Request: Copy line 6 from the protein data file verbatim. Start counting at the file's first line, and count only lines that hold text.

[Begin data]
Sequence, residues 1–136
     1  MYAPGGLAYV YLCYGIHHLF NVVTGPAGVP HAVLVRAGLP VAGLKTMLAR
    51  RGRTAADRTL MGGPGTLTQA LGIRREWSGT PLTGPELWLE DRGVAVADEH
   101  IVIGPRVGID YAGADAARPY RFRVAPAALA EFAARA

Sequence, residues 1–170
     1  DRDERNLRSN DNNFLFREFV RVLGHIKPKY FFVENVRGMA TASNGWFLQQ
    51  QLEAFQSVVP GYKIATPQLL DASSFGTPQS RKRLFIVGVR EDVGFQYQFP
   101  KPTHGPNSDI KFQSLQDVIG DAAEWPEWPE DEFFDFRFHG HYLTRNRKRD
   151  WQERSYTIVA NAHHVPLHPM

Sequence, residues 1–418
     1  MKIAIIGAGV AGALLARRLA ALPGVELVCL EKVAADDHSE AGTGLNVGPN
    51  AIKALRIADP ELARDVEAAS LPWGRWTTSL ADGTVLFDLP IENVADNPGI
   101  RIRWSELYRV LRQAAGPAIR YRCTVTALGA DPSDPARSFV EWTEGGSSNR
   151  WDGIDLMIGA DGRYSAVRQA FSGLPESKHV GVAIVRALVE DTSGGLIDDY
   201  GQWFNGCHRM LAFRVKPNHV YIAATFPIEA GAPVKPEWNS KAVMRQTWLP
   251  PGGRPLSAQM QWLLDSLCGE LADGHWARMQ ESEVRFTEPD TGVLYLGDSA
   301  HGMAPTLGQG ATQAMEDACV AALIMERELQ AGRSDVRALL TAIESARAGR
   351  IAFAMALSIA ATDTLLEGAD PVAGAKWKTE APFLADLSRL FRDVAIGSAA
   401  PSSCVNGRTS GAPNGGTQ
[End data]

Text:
     1  DRDERNLRSN DNNFLFREFV RVLGHIKPKY FFVENVRGMA TASNGWFLQQ